BMI, Age, and Sex Affect COVID-19 Vaccine Antibody Response

Miriam E. Tucker

March 03, 2021

Editor's note: Find the latest COVID-19 news and guidance in Medscape's Coronavirus Resource Center.

The capacity to mount humoral immune responses to COVID-19 vaccinations may be reduced among people who are heavier, older, and male, new findings suggest.

The data pertain specifically to the mRNA vaccine, BNT162b2, developed by BioNTech and Pfizer. The study was conducted by Italian researchers and was published February 26 as a preprint.

The study involved 248 healthcare workers who each received two doses of the vaccine. Of the participants, 99.5% developed a humoral immune response after the second dose. Those responses varied by body mass index (BMI), age, and sex.

"The findings imply that female, lean and young people have an increased capacity to mount humoral immune responses compared to male, overweight and older populations," say Raul Pellini, professor at the IRCCS Regina Elena National Cancer Institute, Rome, Italy, and colleagues.

"To our knowledge, this study is the first to analyse Covid-19 vaccine response in correlation to BMI," they note.

"Although further studies are needed, this data may have important implications to the development of vaccination strategies for COVID-19, particularly in obese people," they write.

If the data are confirmed by larger studies, "giving obese people an extra dose of the vaccine or a higher dose could be options to be evaluated in this population."

Results Contrast With Pfizer Trials of Vaccine

The BMI finding seemingly contrasts with final data from the phase 3 clinical trial of the vaccine, which were reported in a supplement to an article published December 31, 2020, in The New England Journal of Medicine. In that study, vaccine efficacy did not differ by obesity status.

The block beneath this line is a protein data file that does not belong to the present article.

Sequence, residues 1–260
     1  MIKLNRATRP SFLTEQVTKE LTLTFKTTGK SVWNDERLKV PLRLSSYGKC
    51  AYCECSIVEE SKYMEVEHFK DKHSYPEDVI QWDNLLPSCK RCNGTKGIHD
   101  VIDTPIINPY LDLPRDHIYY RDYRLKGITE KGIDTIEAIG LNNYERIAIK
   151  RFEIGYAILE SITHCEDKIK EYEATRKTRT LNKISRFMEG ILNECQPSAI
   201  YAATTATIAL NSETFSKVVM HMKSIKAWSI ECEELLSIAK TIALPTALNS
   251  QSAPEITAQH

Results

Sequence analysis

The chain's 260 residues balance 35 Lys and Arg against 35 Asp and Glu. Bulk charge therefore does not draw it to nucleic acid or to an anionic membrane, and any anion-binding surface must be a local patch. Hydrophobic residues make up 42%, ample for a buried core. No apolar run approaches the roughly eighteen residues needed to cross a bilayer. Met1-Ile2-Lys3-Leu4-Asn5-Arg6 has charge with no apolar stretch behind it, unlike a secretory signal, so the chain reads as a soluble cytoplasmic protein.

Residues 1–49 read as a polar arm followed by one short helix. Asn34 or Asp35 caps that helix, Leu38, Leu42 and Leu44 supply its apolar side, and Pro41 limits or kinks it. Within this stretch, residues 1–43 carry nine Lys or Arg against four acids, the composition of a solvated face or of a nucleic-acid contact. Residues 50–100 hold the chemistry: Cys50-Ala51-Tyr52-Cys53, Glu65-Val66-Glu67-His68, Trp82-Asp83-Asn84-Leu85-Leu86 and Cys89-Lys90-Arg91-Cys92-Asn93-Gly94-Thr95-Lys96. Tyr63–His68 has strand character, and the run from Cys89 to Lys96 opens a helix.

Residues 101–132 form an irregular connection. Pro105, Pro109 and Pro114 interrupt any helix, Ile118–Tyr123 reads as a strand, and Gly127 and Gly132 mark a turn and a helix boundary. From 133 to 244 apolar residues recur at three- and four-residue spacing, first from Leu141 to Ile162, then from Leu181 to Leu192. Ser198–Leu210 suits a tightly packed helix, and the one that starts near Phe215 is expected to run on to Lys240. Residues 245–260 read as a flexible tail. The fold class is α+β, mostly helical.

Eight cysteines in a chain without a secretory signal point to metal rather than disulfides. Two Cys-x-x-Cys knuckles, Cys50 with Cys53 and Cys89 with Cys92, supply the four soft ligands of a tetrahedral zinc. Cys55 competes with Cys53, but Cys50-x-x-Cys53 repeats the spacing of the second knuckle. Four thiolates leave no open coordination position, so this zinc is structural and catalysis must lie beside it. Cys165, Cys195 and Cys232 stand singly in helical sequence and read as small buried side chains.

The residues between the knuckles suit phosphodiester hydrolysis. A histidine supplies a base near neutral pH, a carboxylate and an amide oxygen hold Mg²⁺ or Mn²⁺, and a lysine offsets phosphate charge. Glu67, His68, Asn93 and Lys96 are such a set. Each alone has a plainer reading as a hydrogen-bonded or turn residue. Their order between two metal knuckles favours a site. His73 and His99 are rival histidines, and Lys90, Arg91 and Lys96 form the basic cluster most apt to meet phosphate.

Asked to comment, Akiko Iwasaki, PhD, professor of immunology at the Howard Hughes Medical Institute and an investigator at Yale University School of Medicine, New Haven, Connecticut, noted that although the current Italian study showed somewhat lower levels of antibodies in people with obesity compared to people who did not have obesity, the phase 3 trial found no difference in symptomatic infection rates.

"These results indicate that even with a slightly lower level of antibody induced in obese people, that level was sufficient to protect against symptomatic infection," Iwasaki told Medscape Medical News.

Indeed, Pellini and colleagues point out that responses to vaccines against influenza, hepatitis B, and rabies are also reduced in those with obesity compared to lean individuals.

However, they say, it was especially important to study the effectiveness of COVID-19 vaccines in people with obesity, because obesity is a major risk factor for morbidity and mortality in COVID-19.

"The constant state of low-grade inflammation, present in overweight people, can weaken some immune responses, including those launched by T-cells, which can directly kill infected cells," the authors note.

Findings Reported in British Newspapers